October 16, 2021

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Sarah Alpar Details Financial Hardships Of UFC Rookies While Thanking Jake Paul For His Donation

Sarah Alpar isn’t sure how she’d react if she met Jake Paul in person.

Alpar (9-5 MMA, 0-1 UFC) had no idea when she woke up Wednesday morning that her name would be all over the news by the afternoon.

She didn’t expect to get a direct message from a YouTube celebrity-turned-boxer in her direct messages, either. But, owing to Paul and Triller, both of those things came to pass.

“I don’t know what to say,” Alpar told MMA Junkie on Wednesday. “No one has ever done something like that for me before. And it was just so simple for him. I don’t know. I’d say everything, all the things, and none of the things at all because I’m awkward. Like, ‘I’m just so grateful.’ And plus, ‘I can’t believe you found me’.”

Alpar, a 30-year-old stepmother with one child and a UFC flyweight competitor, was at a loss.

Alpar launched a GoFundMe to help with expenditures that were preventing her from becoming a “full-time” fighter due to repeated bout cancellations and missing payouts.

She established a target of $30,000, which she wanted to reach by December 1.

After a $5,000 gift from Paul and another $25,000 from “Lisa Ferguson,” which Triller subsequently claimed was an amount of money put out on its behalf, Alpar met the goal with five months to spare.

“I was simply trying to gather my friends, family, and anyone else who could support me in a simple way, like donations,” Alpar explained. “Now it’s grown into a huge, colossal beast. ‘Oh, my god, wow,’ it’s like.

Since losing her promotional debut in September 2020, Alpar has had a difficult nine months. Three scheduled bouts were canceled, resulting in the loss of certain sponsorship chances.

Alpar works as a barista to help support her three-person family. Alpar is also a student on top of it all.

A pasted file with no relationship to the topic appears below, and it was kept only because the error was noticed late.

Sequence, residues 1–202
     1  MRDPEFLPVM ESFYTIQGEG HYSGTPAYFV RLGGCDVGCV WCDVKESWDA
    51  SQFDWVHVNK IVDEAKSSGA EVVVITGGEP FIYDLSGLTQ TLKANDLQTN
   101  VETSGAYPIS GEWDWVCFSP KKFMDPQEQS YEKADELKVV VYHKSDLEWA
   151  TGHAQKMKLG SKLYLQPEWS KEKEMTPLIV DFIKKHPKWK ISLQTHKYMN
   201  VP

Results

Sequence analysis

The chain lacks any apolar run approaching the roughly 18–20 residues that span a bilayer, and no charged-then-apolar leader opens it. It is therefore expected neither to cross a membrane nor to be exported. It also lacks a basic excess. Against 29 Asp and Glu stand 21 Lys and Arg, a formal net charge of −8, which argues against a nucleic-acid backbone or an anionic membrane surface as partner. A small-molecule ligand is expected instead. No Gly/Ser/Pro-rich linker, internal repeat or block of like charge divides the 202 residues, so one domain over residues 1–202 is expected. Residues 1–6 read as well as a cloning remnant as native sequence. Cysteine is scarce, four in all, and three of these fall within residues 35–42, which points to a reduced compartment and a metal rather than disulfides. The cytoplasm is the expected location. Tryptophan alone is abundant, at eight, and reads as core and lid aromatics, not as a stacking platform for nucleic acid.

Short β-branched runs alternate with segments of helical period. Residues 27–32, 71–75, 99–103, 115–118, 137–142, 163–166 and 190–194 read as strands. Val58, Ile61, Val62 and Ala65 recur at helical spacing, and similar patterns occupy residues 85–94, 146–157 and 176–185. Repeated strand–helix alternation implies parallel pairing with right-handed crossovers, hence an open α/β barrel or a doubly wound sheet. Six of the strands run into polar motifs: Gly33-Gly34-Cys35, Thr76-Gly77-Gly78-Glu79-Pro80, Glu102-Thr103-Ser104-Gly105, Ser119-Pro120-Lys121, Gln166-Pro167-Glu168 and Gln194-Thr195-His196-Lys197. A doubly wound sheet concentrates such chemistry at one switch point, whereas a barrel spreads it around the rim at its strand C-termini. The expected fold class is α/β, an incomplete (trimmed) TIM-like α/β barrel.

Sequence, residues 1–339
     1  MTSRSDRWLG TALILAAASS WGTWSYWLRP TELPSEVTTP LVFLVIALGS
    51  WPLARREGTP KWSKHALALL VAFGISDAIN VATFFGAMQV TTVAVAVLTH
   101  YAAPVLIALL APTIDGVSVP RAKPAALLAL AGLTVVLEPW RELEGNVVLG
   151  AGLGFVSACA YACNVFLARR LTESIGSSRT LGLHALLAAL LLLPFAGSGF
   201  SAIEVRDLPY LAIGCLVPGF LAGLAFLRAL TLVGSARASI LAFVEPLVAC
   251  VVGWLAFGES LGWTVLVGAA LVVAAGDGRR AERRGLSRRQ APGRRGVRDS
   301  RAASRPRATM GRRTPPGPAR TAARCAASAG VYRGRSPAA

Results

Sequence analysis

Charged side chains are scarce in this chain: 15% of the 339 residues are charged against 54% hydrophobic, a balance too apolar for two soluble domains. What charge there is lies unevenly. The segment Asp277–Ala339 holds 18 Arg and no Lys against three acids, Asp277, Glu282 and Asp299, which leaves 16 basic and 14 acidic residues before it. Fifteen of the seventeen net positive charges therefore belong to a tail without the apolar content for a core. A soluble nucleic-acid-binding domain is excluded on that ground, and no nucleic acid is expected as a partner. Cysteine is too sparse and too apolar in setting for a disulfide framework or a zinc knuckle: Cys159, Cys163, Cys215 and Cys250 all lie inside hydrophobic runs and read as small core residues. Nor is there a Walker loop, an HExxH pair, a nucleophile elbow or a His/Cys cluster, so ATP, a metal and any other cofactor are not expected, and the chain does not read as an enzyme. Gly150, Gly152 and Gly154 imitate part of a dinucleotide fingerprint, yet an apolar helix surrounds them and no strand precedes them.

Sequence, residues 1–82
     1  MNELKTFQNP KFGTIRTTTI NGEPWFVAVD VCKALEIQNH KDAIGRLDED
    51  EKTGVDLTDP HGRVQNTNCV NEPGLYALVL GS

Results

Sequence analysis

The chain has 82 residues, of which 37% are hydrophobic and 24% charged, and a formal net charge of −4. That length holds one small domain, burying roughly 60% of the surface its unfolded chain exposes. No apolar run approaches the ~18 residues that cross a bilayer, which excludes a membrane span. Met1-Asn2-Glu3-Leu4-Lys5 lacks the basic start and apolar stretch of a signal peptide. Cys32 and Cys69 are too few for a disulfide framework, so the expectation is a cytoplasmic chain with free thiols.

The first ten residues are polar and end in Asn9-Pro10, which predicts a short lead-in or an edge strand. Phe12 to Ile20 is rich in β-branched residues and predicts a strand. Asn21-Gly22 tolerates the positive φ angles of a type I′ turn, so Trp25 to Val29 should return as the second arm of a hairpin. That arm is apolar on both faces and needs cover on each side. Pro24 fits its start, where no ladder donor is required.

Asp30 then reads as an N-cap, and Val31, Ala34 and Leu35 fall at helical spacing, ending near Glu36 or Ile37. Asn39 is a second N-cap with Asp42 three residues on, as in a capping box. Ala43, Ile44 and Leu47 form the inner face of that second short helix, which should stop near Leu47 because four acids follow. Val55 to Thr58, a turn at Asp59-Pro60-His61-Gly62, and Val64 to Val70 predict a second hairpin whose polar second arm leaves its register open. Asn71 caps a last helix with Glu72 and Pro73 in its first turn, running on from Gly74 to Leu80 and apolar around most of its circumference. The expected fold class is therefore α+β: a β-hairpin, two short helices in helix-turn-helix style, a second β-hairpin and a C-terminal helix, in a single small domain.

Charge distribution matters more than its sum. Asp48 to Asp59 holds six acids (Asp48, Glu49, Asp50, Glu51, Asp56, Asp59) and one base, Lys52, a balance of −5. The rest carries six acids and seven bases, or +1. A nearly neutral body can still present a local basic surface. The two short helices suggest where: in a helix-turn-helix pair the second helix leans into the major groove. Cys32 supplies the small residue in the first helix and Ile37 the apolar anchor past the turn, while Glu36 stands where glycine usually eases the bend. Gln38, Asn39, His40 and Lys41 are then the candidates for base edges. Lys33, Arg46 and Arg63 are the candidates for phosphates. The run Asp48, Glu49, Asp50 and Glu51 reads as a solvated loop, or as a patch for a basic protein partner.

It’s a balancing act she doesn’t blame on the UFC, which has paid her the most of any company. Alpar believes that the MMA fighter pay culture has to alter in order for fighters to be able to focus exclusively on their in-ring careers.

“However, what hurts is that you have this purse, and you have this fight or sponsorship, and you have to make that last,” Alpar explained.

“So you receive this up front, and you have to manage everything and make it last so you can do it again. But then something like this occurs, and I’m like, even for a show handbag, I didn’t receive anything because I didn’t make weight. So it’s as if you put in all these hours and effort for nothing, and now you have to wait and do it all over again. And I’m not the only one that experiences this. It happens all the time, and I believe the system as a whole should be improved. What if we were paid on a monthly basis? Perhaps others would like to learn how to do just that. That would be a lot of fun.”

Financial difficulties for entry-level UFC fighters are not unique to her, as Alpar mentioned.

It is not unusual for fighters to work a job outside of the ring, which is not the case in many other professional sports.

Out-of-pocket costs for fighters include nutritious meals, gym memberships, travel expenses, supplements, and more.

“Your nutrition and food preparing, as well as your strength and conditioning and sticking to a reasonable sleep pattern, are all full-time between what I’m doing now, my work, and my schooling,” Alpar explained.

“I metered out this summer and I was receiving over 65 hours for what I was putting in on everything. It’s as though everything is on full tilt. Fighters, if they’re ready to go in, should make sure they have a strategy in place, and they should be ready to go for it and have that support.”

Alpar’s next bout is planned for Sept. 18 against Erin Blanchfield, who is making her professional debut.

Despite her need for MMA cash, Alpar feels guilty about quitting her present barista job.

Alpar needs to make some decisions now that she has enough money for her training camp – decisions she didn’t believe she’d have until Paul came along.

“I need to figure out what the next step is now that I have this opportunity,” Alpar explained.

“Do I simply give up and jump in with both feet, just to see if it works?” Will I have a contingency plan? I’m a big fan of planning ahead. This is similar to saying, “Here it is.”

“Then I’m simply flying by the seat of my trousers. But, if I have the chance to train full-time to my full potential, travel where I need to, find training partners, and improve, and make it happen, I need to (determine) what is the ideal circumstance (or) scenario to do so. But, because I have morals, I still want to be respectful of my position. You don’t simply do things like that, right?”

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